– In the book, you talk about such a fictional settlement. Is that story based on real facts?
– This story is the biggest cartographic mystery I’ve ever heard. At the beginning of the 20th century, there were two cartographers who created small-scale maps. When drawing the maps, they decided to weave in intentional errors. The two invented a small town in rural upstate New York and used their initials to name it, as if signing it.
About a year later, a competitor of these cartographers, Rand McNally, published a map of the same geographic area. To the cartographers’ surprise, they spotted a tiny fictional town on McNally’s map. The cartographers sued McNally for copyright infringement because the only explanation for the fictional city appearing on his map was that the creator of the new map had stolen their data instead of his own measurements and calculations. If McNally had not appropriated the work of cartographers who had mapped the same area before him, the fake city would simply not have been marked on his map.
But McNally said the city is real. Distraught, the cartographers got into a car with their lawyer and drove to a remote area of New York state, where they hoped to find evidence: instead of cityscapes, they could capture the wait on camera and thus win a court victory. They were stunned when they went to the place and saw a gas station, a shop, houses and their residents standing there. It turns out that the town was actually recorded in the administrative records of Delaware County under the name invented by the cartographers.
– How could this happen?
– Most people believed that Mr. McNally rushed to build a fake town in the said area in order to get a clean skin from the court for the charge brought against him. But in fact, when the map drawn by the two cartographers was published, the people who lived in the real towns nearby thought that the new town was created just for them. Then they started moving to this settlement. It is common for a map to be created based on the real world, but this time the map led to changes in reality.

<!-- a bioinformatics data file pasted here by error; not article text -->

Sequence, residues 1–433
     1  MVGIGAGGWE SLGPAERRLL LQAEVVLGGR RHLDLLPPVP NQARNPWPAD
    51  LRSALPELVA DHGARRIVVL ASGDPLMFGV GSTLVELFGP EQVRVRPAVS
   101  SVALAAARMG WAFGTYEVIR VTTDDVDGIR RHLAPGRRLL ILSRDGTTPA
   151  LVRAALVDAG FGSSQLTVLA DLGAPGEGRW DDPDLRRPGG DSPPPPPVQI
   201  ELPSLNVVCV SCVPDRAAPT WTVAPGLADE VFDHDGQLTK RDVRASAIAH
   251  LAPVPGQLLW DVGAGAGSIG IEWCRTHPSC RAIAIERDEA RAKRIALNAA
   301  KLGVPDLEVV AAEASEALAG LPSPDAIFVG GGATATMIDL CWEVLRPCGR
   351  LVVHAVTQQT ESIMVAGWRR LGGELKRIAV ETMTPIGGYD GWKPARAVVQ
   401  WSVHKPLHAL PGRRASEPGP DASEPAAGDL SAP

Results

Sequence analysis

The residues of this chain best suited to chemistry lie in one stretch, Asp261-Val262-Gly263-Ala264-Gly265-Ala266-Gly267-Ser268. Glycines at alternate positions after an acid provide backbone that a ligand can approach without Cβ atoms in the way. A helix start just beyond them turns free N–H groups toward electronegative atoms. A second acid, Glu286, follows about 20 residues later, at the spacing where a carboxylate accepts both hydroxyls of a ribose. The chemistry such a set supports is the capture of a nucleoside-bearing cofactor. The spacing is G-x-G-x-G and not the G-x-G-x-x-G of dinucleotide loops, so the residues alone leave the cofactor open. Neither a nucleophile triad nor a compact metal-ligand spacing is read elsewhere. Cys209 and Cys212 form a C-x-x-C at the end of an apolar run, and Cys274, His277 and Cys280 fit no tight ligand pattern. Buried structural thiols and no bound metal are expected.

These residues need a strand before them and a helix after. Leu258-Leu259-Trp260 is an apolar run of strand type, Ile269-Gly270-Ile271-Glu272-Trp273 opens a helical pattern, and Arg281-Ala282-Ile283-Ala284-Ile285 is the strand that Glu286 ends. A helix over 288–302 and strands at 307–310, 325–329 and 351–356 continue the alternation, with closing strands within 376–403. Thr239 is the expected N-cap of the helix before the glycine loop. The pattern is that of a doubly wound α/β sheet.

I think that if you want to become a writer, you have to be a little obsessed. I’m a bit crazy about maps. But at the same time, I have no doubt that there is something more universal in this book. I don’t want to give away details, but some characters focus on the map, while others believe the map represents something they can’t really have. It’s like with someone you really care about, but you can’t reach them. And sometimes other things remind you of that person – then you desperately want to have that thing that evokes memories of the person. This emotion can be no less powerful than feeling that person next to you.
– Your book is full of real places and real maps of New York. Why did you mix the real world with the fictional?
– I write about the real world, but tilted a few degrees to the left, because when we recognize certain specific details, even strange things become more believable. In the book, I tell about the town of Agloe, which actually existed in the United States, because I want magical events to appear possible.
– What made you interested in maps?
– To be honest, I don’t know people who don’t like maps. After all, they are so beautiful and charming. I doubt anyone can resist looking at a map when passing by, whether it’s a familiar place or an area they’ve never been to before. I think that to some extent we all hope that if we look at the map long enough and carefully enough, we will notice a previously unsolved riddle that seems to be inviting us to discover something new.
Tags: Cartographers paper cities change reality